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Special Educational Needs & Disability Information, Advice & Support Service

Having Successful Meetings

You have the right to request a meeting with any of the team of professionals involved with your child or young person. There are a variety of reasons that you might want to ask for a meeting and these may include concerns about:

  • Your child’s progress
  • How any special educational needs/disability your child may have are being met
  • Your child's Individual Support Plan (ISP)
  • Your child’s barriers to school attendance, how this is being supported and the impact on their education

It is important to take a list that you made prior to the meeting of important issues you feel need to be addressed.

Preparing for a Meeting

Be clear why you want to have a meeting. Who do you need to meet with. If the issues are school related, you may want to meet with your child’s class teacher or form tutor, the Special Educational Needs Co-ordinator (SENCo) or Head Teacher.

There may be other professionals involved with your child from outside of the school, such as a speech and language therapist, school nurse, social worker, specialist tutor etc. who you would also like to attend.

If the issues are relating to an Education, Health and Care Plan (EHC plan), your child will have a named EHC Co-ordinator who you can also speak to or invite from the Local Authority.

How do I Organise a Meeting?

You can:

  • Request a meeting by calling the relevant people and agreeing a date, time and place that is convenient to everyone.
  • Request a meeting by emailing or writing a short letter that includes who you want to meet with, the issues you would like to discuss and times and dates you will be available.
  • Ask the school to arrange a meeting.

Getting Ready for a Meeting

If you are invited to a meeting, it may help to find out who will be at the meeting. If you are unsure, you can ask the person running the meeting what they do and what their role is. Find out what will be discussed at the meeting, how long it will last and where and when the meeting will be held.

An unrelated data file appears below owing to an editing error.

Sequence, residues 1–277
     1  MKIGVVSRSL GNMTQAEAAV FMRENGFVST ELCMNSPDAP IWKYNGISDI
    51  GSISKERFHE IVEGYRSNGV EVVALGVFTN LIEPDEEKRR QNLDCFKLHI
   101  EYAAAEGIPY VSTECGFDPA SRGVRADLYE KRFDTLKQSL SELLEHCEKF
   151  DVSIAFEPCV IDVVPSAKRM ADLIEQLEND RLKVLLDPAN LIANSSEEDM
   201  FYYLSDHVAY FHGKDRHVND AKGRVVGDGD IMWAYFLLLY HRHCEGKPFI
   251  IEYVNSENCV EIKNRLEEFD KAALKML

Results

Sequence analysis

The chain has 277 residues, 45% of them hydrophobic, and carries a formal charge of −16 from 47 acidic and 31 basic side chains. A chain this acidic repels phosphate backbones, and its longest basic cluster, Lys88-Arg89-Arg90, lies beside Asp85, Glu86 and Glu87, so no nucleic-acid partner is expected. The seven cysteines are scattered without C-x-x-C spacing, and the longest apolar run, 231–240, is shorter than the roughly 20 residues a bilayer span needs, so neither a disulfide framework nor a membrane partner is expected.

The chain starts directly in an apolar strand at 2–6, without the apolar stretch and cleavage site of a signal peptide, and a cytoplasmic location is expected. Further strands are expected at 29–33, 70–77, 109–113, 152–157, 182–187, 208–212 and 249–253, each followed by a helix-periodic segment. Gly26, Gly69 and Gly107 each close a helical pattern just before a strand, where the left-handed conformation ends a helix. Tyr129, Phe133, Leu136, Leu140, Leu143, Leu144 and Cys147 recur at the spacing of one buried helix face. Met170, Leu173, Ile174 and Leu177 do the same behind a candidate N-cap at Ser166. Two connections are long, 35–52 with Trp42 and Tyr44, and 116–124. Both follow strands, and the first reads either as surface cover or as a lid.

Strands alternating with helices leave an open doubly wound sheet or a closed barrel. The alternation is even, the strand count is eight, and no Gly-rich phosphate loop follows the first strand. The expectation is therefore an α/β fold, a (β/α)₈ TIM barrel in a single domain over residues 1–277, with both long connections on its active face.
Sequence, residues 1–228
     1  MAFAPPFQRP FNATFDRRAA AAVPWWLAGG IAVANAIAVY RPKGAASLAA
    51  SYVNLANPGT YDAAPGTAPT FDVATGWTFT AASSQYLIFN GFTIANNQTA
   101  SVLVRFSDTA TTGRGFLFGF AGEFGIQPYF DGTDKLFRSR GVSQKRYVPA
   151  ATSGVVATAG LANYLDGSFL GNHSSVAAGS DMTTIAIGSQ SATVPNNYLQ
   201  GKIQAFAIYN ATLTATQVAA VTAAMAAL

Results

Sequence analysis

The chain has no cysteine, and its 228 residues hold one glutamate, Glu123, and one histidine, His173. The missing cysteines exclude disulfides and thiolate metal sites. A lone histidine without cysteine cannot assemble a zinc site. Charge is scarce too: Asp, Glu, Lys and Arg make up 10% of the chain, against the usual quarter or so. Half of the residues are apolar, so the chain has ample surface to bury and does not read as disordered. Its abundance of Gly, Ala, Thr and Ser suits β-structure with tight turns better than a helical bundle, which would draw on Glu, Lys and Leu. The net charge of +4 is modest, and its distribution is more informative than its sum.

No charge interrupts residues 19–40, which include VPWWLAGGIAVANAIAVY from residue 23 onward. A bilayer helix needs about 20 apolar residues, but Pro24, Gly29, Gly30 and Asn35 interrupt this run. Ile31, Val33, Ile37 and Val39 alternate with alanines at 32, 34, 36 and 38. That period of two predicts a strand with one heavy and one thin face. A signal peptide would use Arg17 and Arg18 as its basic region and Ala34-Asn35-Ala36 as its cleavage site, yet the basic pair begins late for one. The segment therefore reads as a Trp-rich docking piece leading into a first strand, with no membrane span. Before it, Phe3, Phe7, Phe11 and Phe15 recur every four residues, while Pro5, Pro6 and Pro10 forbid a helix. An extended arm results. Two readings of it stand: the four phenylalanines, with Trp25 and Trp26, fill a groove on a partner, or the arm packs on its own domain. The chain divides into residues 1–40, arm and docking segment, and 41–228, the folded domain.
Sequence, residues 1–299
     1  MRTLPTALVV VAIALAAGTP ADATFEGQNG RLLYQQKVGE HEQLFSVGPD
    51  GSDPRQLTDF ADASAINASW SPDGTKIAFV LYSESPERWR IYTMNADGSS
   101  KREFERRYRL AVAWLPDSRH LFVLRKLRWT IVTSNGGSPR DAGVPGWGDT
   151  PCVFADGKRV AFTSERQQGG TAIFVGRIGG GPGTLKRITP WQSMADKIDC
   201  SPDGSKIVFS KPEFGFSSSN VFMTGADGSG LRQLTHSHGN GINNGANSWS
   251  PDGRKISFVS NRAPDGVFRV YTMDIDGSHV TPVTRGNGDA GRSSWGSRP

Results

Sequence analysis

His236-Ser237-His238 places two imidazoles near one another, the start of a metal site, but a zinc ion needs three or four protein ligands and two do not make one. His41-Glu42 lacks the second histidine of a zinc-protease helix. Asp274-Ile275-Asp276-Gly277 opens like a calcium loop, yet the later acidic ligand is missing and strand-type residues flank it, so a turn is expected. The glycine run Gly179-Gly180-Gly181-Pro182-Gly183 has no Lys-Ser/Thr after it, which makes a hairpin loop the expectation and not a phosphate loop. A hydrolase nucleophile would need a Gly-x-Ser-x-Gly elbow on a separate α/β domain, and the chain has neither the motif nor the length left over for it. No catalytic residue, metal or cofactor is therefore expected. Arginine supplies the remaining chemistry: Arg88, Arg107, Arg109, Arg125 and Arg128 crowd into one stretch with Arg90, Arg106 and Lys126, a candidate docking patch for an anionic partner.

Before the meeting ask what will be discussed and if there is an agenda you can be given. Ask for a copy of the most recent paperwork which records and monitors the support that your child is receiving within their education setting. For example an Individual Support Plan (ISP) if they have one. You can read the paperwork before the meeting and make notes.

Write a list of things you want to say and questions you want to ask and to take it to the meeting.
It can also help to write down your description of your child’s abilities and celebrations as well as what difficulties you think he or she may be having.

Take with you any documentation that may be needed to refer to e.g. medical letters or reports.

You may wish to take someone with you to the meeting for support (a friend, relative or supporter). Let the person organising the meeting know in advance who you will bring with you.

If a SENDIASS Officer attends a meeting, please be aware that we aim to empower you to feel confident to say the things that you want to say and feel listened to.  We are not an advocacy service and as an impartial service, we do not favour either side or have influence over the outcome of any meeting.

Are there specific things that you want to happen as a result of the meeting? What are you willing to compromise on? List the things you want to happen in order of importance. Be realistic about what you are going to be asking for. You may need to negotiate and be flexible to different options or alternatives offered.

Your Child or Young Person's Views

Children and young people should be supported in preparing for meetings to discuss and review their SEND provision. They should be enabled to express their views and contribute to discussions – in whatever means is appropriate. Actions agreed should be realistic and be driven by individualised, person-centred outcomes.

While preparing for a meeting, you could discuss some of the points below with your child:

  • What do they enjoy?
  • Do they have any worries?
  • Is there anything they would like to ask their teachers?
  • Is there anything they think would help them?
  • Is there anything that is not helping them?
  • What would they like to change?
  • Is there a member of staff at the school or college that works closely with your child or young person? If so, would the child or young person like them to be present for support?
  • Would your child or young person prefer to voice their opinions through pictures, posters, drawings etc?

What Should You Take With You?

  • Your pre meeting notes
  • Note pad and pens
  • Relevant reports or letters to share or refer to
  • Other useful information (e.g. your own research)
  • Your questions, views or concerns if not captured within your notes


  • You know your child best
  • Be prepared
  • Keep an open mind